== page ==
The issue that I do not understand, and seems to me to be entirely new on the World scene is the immense technological improvements and the ensuing productivity. It is entirely conceivable that a factory can be built to build automobiles that runs lights-out for at least two long shifts, seven days a week. There would be no employee paychecks on those two shifts, so those unneeded employees will never have the money to buy those automobiles. Its a new phenomenon and so far I have seen no satisfactory solutions mentioned anywhere.

Alan- wrote:
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Hi Joe!

Redistribution of wealth is a productivity killer. But all other things being equal, population size and even population density provides higher standards of living per person. All other things being equal.

"If one can chase a thousand, then two can put ten thousand to flight". "Two are better than one". In some ways this is a good thing, because small countries cannot build submarines or battleships, but then neither can they build supertankers or jumbo jets (some would also call that good). Just for example.

Europe is undergoing a population implosion crisis. Some German towns are in danger of becoming ghost towns.

China is becoming a world-class powerhouse precisely building on its population, but mixed with a measure of capitalism.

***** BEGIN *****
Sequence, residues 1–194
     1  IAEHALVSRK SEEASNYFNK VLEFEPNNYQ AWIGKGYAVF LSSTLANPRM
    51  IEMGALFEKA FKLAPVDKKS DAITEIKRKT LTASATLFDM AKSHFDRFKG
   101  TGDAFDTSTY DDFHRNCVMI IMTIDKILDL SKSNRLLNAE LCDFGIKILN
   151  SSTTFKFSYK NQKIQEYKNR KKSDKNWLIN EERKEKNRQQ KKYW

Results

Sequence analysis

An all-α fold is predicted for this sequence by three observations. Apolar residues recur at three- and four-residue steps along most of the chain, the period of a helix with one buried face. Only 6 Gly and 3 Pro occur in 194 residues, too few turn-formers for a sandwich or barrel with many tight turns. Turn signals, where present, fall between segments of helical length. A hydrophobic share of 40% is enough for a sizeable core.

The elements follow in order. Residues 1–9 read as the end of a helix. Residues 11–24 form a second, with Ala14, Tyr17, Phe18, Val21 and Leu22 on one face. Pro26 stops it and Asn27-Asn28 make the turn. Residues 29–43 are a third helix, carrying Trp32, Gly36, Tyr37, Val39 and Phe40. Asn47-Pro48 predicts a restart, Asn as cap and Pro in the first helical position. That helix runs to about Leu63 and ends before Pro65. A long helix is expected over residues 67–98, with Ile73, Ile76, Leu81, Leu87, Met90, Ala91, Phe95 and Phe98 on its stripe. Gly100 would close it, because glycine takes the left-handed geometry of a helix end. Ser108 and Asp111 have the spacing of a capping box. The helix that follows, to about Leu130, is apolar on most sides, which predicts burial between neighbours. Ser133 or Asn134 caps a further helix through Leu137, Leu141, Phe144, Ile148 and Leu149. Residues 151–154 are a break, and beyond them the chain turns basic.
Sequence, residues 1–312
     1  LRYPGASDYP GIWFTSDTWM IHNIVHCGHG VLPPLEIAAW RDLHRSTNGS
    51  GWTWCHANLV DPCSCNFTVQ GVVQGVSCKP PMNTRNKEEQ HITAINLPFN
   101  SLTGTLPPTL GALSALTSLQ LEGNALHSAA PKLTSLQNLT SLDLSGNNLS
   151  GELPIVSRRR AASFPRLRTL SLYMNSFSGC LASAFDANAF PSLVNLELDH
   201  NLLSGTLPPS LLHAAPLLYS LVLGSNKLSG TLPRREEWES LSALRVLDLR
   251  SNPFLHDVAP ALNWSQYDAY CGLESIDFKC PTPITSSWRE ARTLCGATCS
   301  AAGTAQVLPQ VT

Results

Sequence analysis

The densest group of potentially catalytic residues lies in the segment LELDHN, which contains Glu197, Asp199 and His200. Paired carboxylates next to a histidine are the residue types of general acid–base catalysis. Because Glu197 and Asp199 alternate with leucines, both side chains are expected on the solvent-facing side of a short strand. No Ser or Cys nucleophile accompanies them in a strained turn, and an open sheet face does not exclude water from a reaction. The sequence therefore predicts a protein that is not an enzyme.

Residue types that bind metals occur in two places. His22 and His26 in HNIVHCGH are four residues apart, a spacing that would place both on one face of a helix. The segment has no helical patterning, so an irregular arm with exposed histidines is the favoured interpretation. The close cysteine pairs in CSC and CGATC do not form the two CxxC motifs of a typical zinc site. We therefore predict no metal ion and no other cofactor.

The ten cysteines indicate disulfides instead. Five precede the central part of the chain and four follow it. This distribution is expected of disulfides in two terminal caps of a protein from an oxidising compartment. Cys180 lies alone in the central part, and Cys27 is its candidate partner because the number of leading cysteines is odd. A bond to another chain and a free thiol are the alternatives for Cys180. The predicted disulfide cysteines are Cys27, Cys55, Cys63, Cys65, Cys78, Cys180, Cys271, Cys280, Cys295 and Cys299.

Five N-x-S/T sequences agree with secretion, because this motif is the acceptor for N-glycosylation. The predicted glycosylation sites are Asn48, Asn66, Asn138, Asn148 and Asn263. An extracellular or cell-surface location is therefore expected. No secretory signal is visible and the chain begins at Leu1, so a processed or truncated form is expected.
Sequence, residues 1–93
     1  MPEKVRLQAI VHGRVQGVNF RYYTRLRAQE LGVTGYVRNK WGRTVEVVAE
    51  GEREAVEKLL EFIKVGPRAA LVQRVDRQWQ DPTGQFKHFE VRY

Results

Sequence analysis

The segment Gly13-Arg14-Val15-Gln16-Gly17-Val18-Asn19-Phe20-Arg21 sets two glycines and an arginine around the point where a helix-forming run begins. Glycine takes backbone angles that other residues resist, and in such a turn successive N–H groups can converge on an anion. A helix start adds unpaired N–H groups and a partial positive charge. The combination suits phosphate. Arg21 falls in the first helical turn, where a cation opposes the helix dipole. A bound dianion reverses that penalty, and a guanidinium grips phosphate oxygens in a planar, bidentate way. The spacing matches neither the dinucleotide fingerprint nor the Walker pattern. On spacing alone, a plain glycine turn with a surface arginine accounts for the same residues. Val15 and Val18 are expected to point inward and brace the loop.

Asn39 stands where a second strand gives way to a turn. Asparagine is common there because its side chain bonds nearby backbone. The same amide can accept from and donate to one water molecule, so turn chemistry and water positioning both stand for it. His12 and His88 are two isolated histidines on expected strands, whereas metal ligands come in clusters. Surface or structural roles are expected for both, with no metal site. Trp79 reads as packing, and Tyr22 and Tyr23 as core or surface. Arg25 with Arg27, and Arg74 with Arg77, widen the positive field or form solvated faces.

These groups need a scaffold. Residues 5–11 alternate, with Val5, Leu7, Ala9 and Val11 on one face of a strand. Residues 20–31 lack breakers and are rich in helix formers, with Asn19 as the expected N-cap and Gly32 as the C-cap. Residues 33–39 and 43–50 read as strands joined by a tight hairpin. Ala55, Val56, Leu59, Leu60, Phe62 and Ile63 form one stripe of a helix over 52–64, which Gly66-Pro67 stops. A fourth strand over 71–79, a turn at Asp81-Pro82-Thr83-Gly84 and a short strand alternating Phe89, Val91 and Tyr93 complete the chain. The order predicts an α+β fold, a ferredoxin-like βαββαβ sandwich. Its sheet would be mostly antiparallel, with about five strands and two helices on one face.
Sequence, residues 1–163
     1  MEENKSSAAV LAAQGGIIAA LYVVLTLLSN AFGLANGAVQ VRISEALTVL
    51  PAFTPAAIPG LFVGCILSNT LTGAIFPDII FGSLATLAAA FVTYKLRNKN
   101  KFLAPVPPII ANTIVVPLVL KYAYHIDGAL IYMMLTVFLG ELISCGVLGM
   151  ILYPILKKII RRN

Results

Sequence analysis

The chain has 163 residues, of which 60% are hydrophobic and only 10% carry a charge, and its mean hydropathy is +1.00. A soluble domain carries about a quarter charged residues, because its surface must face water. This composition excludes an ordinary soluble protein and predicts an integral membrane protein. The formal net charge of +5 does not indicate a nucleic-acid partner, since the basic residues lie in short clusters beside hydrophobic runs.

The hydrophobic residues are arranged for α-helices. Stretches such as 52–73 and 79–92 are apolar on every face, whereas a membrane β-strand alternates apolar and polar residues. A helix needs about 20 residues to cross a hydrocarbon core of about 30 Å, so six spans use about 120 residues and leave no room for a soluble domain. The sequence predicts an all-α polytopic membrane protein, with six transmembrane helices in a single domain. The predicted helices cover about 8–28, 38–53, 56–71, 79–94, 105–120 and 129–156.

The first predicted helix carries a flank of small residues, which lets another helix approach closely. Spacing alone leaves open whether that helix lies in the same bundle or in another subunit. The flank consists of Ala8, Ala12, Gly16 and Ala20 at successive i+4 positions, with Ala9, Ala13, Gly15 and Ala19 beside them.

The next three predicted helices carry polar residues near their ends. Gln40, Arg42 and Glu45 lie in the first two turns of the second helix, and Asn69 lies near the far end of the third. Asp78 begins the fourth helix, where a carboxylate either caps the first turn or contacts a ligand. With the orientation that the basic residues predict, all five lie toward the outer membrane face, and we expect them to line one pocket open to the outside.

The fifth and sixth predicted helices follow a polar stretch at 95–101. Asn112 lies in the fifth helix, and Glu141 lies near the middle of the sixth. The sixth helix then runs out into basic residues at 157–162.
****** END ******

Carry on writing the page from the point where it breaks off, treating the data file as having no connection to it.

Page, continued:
The biggest problem for the U.S. is like Warren Buffet said. The United States is "exporting its economy". I've been using the same words since around 1990. You can't do that and maintain your production in real terms.

These things encourage economies and job growth: (1)Free market economy principles, (2)a population with a general minimum of a stable culture and a minimum of "goodness" in Toqueville's sense of the word, (3)_honest political leadership that has its own citizens at heart, these are incubators of success, and (4)_stable technology.

The facts put the lie to the Erdmans of the 1960's who told us that without drastic controls over population growth, mass starvation would kill off the majority of the world's people by 1980, unless it took drastic measures. Surprise, we're still here. And some of the worst wars, before that straw man argument comes up, have happened in places that otherwise were not the poorest or starvingest. Like Rwanda-Burundi was one of the most prosperous countries in all of Africa!

India had a green revolution, Kenya raced to encourage good agricultural practices under good leadership, South Korea began investing and Japan continued to save, save, save, and all these countries with big population densities are pushing up fast toward European standards. India is having another revolution, and China is racing ahead.

George Malthus was a man who loved tyrrany and he has been proven wrong in every generation since.

What makes for prosperity, and jobs growth, are an educated populace, generally good moral character, a concerned citizenry, technology, an appreciation for the importance of maintaining a local minimum infrastructure of agriculture and industry ("hard goods"), free enterprise encouragement, and now information, these are the things that make for prosperity and jobs.


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